Empathy is a pillar of the patient–physician relationship. Sir William Osler1 stated, “The physician needs a clear head and a kind heart; his work is arduous and complex, requiring the exercise of the very highest faculties of the mind, while constantly appealing to the emotions and finer feelings.” Because of the importance of empathy in the context of patient care, the Association of American Medical Colleges has advocated the enrichment of empathic skills as one of the educational objectives of medical school.2 In addition, the American Board of Internal Medicine (ABIM) has recommended that humanistic values including empathy be cultivated and assessed as an essential outcome in graduate medical education.3 Thus, if medical schools are to follow these recommendations and develop and assess each student's empathic qualities, they must have access to a credible assessment tool.
Empathy is an inherently ambiguous concept; researchers have described it as difficult to define and hard to measure.4 Despite a lack of consensus regarding its definition, various descriptions or characterizations of the term are available in the literature.5 (pp3–15) Some researchers have described empathy as a cognitive attribute,6,7 which means that it predominantly involves understanding another person's concerns. Others have described empathy as an affective or emotional characteristic,8,9 which implies that it primarily involves feeling and sharing another person's pain and suffering. Still, a third group views empathy as both affective and cognitive.10,11
A clear conceptualization of empathy is critically important because such a conceptualization not only can serve as a guideline for an operational definition of the term but also can provide a framework for the development of a content-specific instrument for measuring empathy in the context of medical education and patient care. Strategies to enhance empathy12 can also be more appropriately developed based on the conceptualization of empathy.
In the context of patient care, we defined empathy (key terms italicized) as a predominantly cognitive (rather than affective or emotional) attribute involving an understanding (as opposed to a feeling or sharing) of patients' experiences, concerns, and perspectives, combined with both a capacity to communicate this understanding and an intention to help by preventing and alleviating pain and suffering.5,12,13
Some research tools, which have been described elsewhere, exist for measuring empathy in the general population,5 (pp63–74) but none are content-specific to medical education or relevant to patient care. Some investigators have used the following four instruments to study empathy in medical education research: (1) the Interpersonal Reactivity Index,10 (2) the Empathy Scale,14 (3) the Emotional Empathy Scale,15 and (4) the Balanced Emotional Empathy Scale (BEES).16 With the exception of the BEES, extensive psychometric data are available for these instruments5 (pp66–69,72–73); however, as previously mentioned, they are not specific to medical education and patient care.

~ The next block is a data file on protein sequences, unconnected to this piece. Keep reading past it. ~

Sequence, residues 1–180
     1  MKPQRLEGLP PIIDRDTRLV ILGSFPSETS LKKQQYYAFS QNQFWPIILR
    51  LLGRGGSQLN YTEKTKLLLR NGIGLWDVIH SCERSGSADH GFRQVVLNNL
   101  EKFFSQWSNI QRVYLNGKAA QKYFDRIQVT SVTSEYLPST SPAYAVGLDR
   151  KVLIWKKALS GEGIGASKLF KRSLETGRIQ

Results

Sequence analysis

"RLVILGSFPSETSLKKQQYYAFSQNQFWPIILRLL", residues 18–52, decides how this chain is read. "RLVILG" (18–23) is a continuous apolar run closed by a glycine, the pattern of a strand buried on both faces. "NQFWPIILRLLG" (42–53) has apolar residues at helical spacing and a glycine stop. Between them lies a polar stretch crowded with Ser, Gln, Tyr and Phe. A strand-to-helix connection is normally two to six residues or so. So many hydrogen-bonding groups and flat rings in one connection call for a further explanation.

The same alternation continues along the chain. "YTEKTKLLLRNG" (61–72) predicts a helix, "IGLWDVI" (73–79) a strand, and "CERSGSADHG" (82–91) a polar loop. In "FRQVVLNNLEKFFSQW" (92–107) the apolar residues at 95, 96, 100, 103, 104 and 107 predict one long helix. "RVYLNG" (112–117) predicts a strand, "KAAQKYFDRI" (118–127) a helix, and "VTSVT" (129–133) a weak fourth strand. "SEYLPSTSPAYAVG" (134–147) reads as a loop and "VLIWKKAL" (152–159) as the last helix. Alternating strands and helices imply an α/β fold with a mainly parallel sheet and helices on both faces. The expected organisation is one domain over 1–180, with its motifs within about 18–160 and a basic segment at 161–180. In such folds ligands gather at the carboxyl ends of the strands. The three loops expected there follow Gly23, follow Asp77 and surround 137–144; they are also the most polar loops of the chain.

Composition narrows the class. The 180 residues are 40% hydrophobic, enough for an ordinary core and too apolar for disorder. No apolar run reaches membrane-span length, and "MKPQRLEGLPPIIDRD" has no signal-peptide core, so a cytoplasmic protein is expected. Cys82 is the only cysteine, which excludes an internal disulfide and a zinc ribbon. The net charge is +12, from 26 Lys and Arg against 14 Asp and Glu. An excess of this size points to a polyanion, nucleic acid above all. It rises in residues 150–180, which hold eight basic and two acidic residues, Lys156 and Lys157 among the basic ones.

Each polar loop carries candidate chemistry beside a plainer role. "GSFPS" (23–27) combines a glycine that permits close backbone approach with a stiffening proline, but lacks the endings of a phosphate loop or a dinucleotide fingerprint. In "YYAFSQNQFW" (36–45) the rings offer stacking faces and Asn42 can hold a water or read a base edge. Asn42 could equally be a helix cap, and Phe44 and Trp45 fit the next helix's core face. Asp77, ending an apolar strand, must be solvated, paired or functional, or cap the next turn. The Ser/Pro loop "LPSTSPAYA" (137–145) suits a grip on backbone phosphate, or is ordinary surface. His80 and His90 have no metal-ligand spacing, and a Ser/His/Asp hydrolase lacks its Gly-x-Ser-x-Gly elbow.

Thus, several years ago, in response to this gap, we developed (using our description of cognitively defined empathy [above]) the Jefferson Scale of Physician Empathy (JSPE). We have previously reported our step-by-step procedures in the development of the JSPE as well as data in support of its validity and reliability.5 (pp87–115)
As indicated in the definition of empathy, one key element in empathic engagement is a physician's capacity to communicate his or her understanding to the patient. This engagement implies that a concordance between a physician's self-report of empathy and the patient's perception of physician empathy should exist. Although investigators have examined the aforementioned link in actual physician–patient encounters,5,17,18 they have not yet given sufficient attention to the contributions of gender and ethnicity to the assessments made by simulated patients (SPs). Thus, given that almost every medical school in the United States currently administers a high-stakes objective structured clinical examination (OSCE) that includes SPs, these examinations afford an opportunity for medical educators to uncover a subset of learners who may have an empathy deficit. An assessment tool that is complementary to the self-assessment empathy instrument, especially one that is useful to and can be used by SPs, would more effectively screen and identify individuals who have potential deficits in this essential quality.
Also, in another study, we reported the relationships between students' self-reported empathy and SPs' assessment of students' empathy, but we did not take students' gender and ethnicity into consideration.19 Thus, we designed this study to examine the contribution of students' gender and ethnicity to the evaluations by SPs of student empathy and to compare the results with students' self-assessments of their own empathy.
Participants and ethical approval
We included in our study the 248 students (125 men, 123 women) who completed a comprehensive OSCE near the end of their third year of medical school in 2008. Thomas Jefferson University's institutional review board granted an exemption for this study; thus, no informed consent was necessary. We did not compensate students for their participation, but we did assure them that individual responses would be confidential and that their responses would not be part of their academic records.